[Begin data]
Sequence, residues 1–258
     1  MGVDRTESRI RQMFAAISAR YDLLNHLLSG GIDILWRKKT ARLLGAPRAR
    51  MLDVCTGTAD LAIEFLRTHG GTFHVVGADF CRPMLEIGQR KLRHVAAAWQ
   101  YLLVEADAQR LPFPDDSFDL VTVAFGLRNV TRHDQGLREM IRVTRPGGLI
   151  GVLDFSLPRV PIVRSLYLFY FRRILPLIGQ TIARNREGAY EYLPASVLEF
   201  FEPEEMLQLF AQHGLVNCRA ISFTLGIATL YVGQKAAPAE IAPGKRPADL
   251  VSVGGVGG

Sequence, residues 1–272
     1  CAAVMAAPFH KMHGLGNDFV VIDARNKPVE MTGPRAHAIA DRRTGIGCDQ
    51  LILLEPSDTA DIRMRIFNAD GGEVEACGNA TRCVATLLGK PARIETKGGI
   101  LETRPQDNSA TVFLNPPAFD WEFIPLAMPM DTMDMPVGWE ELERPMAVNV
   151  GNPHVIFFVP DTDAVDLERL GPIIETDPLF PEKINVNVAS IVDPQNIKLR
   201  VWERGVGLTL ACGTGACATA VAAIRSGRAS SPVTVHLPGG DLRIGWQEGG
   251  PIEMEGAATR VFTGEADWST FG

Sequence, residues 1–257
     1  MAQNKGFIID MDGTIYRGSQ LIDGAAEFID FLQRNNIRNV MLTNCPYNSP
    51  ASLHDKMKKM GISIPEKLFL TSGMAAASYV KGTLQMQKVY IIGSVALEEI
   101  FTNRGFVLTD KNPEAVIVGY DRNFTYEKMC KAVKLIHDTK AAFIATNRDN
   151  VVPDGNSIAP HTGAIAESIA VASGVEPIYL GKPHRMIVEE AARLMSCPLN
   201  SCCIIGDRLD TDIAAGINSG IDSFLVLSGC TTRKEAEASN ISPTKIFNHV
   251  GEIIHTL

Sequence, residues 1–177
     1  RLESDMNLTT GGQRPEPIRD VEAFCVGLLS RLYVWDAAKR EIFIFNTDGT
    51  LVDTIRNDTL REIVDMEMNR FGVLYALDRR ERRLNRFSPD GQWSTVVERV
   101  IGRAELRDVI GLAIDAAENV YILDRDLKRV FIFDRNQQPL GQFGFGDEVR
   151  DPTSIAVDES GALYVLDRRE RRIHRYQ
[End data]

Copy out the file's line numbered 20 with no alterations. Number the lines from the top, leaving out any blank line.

   201  SCCIIGDRLD TDIAAGINSG IDSFLVLSGC TTRKEAEASN ISPTKIFNHV